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Anger, advertising dominate U.S. mid-terms

By Jonathan Mann, CNN
A man arrives to vote in Las Vegas, Nevada, on October 16 as part of the state's two-week early voting period.
A man arrives to vote in Las Vegas, Nevada, on October 16 as part of the state's two-week early voting period.
STORY HIGHLIGHTS
  • Democrats, who Obama relies on in Congress, face potential disaster in the mid-term elections
  • A recent poll found 85 percent of Americans are angry or dissatisfied with the economy
  • The Tea Party political movement has thrived, with support from many Republicans
  • Researchers: Candidates and their supporters will spend at least $3.7B on the race

"Our Mann in America" is a weekly column discussing the big talking points in the U.S. for an international audience. Jonathan Mann is an anchor for CNN International and the host of Political Mann.

(CNN) -- Barack Obama won the presidency two years ago by harnessing the hopes of his supporters, but now faces a debacle after a very different campaign fueled by anger, nasty advertising and an awful lot of cash.

"Let's not fool ourselves," he said." This is a tough election. This country has gone through one of the most difficult periods of our history."

American voters go to the polls Tuesday to choose national lawmakers and state leaders, with two wars, high unemployment and record deficits on their minds.

Obama is only half-way through his term and isn't running for re-election. But he's been campaigning hard all across the country because, as the race goes into its final weekend, the Democrats he depends on in Congress face disaster.

iReport election project: Midterms

Pollsters predict the party will lose dozens of seats in the House of Representatives, giving Republicans majority control. In the Senate, the Democrats could be reduced to such a slim majority that they won't be entirely in control there either.

As difficult as things are and have been over the last two years we are moving in the right direction
--Barack Obama
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Most presidents get punished a bit by the legislative elections they all face mid-way through their four-year terms. But if the analysts are right, Obama could suffer the worst defeat in decades.

The easiest explanation is America's slow, nearly jobless climb out of recession. Obama didn't bring on the country's financial crisis and he argues that his administration prevented it from turning into a full economic collapse.

But unemployment is still 9.6 percent and the best the administration can say is that it would have been even higher and should eventually drop.

"As difficult as things are and have been over the last two years," Obama pleaded recently, "we are moving in the right direction."

A recent ABC News/Yahoo! Poll found that fully 85 percent of Americans are angry or dissatisfied with the economy.

They're not just angry, they are organizing in a new way into the Tea Party, a movement that confusingly, has nothing to do with tea and isn't a party either.

It's a loosely organized protest movement, growing rapidly and finding support from many Republicans.

Named for an 18th-century anti-tax uprising on the eve of the American Revolution, the Tea Party demands lower taxes and less government spending. It blames incumbent politicians for many of the perceived evils of American public life and has even forced respected Republicans from office.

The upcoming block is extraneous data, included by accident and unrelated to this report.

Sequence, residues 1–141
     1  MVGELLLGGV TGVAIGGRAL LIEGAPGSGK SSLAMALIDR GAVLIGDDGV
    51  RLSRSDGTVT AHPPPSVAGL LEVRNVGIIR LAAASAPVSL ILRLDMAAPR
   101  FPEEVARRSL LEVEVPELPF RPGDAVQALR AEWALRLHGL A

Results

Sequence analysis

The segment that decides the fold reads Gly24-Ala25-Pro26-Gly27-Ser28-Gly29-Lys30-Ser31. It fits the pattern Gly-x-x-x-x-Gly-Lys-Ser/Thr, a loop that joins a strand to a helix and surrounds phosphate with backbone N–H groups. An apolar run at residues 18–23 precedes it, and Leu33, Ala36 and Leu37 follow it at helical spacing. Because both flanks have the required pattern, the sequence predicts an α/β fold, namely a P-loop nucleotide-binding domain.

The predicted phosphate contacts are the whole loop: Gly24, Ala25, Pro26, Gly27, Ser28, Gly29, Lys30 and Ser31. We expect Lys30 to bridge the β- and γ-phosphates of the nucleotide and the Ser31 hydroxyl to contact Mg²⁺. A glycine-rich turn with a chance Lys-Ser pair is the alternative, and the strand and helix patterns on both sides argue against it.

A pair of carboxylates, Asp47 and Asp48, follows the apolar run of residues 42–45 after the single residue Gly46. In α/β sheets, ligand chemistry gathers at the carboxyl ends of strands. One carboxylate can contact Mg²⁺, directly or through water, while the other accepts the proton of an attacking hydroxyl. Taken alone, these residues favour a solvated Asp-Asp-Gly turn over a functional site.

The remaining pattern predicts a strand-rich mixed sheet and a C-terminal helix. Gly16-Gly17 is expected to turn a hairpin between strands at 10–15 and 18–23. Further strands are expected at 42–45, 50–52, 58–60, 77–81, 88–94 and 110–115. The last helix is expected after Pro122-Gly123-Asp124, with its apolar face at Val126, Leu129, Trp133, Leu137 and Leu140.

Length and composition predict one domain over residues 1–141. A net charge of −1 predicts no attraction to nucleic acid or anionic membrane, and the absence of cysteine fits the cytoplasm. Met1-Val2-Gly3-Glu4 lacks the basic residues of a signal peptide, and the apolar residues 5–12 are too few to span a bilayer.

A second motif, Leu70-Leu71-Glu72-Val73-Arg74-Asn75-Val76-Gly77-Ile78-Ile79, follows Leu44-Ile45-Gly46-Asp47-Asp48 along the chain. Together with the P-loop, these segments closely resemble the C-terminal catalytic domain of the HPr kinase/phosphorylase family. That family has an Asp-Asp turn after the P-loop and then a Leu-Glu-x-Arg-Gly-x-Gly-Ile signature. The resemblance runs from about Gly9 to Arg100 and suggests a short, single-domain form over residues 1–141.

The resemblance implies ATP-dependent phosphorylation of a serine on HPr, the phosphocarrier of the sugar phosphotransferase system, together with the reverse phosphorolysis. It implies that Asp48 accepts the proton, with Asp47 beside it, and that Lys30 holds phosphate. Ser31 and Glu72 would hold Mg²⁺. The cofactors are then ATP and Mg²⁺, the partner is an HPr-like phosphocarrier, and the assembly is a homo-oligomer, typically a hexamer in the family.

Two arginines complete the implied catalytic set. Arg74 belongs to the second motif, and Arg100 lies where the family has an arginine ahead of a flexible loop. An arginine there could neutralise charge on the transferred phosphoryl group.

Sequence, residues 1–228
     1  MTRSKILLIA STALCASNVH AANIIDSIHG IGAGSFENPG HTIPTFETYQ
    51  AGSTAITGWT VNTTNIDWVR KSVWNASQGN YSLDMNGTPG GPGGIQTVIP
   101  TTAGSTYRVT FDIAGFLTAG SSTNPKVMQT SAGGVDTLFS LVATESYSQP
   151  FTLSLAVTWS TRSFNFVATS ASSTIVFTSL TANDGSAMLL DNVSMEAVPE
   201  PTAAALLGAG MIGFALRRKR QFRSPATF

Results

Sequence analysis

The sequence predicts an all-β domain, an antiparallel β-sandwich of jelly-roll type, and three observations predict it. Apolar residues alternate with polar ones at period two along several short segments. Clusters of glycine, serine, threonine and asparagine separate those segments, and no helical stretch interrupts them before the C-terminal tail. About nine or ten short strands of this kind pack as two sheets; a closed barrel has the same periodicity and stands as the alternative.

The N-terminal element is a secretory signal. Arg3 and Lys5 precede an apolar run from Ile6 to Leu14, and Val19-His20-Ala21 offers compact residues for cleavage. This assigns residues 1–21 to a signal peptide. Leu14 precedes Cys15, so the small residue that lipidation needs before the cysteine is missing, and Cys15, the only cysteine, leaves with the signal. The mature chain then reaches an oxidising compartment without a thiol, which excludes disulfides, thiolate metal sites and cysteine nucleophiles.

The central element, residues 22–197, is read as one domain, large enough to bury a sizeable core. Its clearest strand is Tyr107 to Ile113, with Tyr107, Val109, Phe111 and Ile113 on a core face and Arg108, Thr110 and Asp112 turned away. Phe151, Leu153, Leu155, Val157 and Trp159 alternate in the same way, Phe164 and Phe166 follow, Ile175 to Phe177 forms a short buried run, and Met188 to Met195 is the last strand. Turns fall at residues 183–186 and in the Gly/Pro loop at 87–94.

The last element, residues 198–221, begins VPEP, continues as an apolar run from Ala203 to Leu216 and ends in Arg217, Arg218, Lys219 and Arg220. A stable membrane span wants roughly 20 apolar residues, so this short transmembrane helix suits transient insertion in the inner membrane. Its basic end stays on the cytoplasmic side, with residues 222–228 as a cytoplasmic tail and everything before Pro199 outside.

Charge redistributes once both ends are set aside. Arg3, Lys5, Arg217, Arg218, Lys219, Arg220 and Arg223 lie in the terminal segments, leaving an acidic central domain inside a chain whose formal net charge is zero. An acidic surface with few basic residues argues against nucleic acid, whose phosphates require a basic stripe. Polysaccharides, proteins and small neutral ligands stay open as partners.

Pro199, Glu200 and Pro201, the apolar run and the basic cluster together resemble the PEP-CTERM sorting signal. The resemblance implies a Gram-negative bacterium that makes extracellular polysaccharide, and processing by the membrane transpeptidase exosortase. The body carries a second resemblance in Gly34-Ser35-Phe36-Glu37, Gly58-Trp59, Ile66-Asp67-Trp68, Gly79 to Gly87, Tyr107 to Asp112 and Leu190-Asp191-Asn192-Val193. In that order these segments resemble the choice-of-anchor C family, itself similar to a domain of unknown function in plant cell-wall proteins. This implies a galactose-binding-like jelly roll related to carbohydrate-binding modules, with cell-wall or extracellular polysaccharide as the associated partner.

Tea Party figures tend to be newcomers to politics and some resort to violent talk as routine campaign rhetoric.

Former Alaska governor and vice-presidential candidate Sarah Palin, a Tea Party favorite who is campaigning for candidates nationwide, favors the vocabulary of hunting and "loaded" guns. Carl Paladino, running to be governor of New York, threatens to bring a baseball bat to work (and he's not planning to play baseball). A Texas candidate named Stephen Bolden even mused about armed revolution.

"Basically what is happening this year, you have these Tea Party guys passionately of the belief, rightly or wrongly, that the country is going further into the gutter because of what the Democrats are doing," said CNN contributor and conservative blogger Erick Erickson.

"They really see this (campaign) as an exchange between freedom and oppression by the government."

Encouraging the worst instincts on both sides is an astonishing barrage of often astonishing advertising. Political ads have been broadcast more than 2.6 million times in the two years since the last national elections, according to the Campaign Media Analysis Group.

Democratic Congressman Alan Grayson is running ads that liken his opponent to a member of the Taliban. Fellow Congressman Joe Sestak compares Republican policies to a bag of dog droppings and actually appears in the ad holding a bag. West Virginia Governor Joe Manchin uses a gun to shoot legislation he doesn't like.

It's priceless stuff but a Washington research group has put a price on it. The Center for Responsive Politics says candidates and their supporters will spend at least $3.7 billion dollars on the race, making it the most expensive midterm in U.S. history.

"The electoral process has changed with a massive infusion of so much money into the campaigns, most of which is spent in negative advertising," said former president Jimmy Carter.

"This has created I think the deep division between Democrats and Republicans and I think the polarization of the whole country."

Even if advertising didn't create the anger and polarization it's exploiting and increasing them.

The buoyant optimism of the election that put Barack Obama into office has disappeared under the weight of the worst economic setback since the Great Depression. When Americans go to the polls Tuesday, millions of them will go angry.

 
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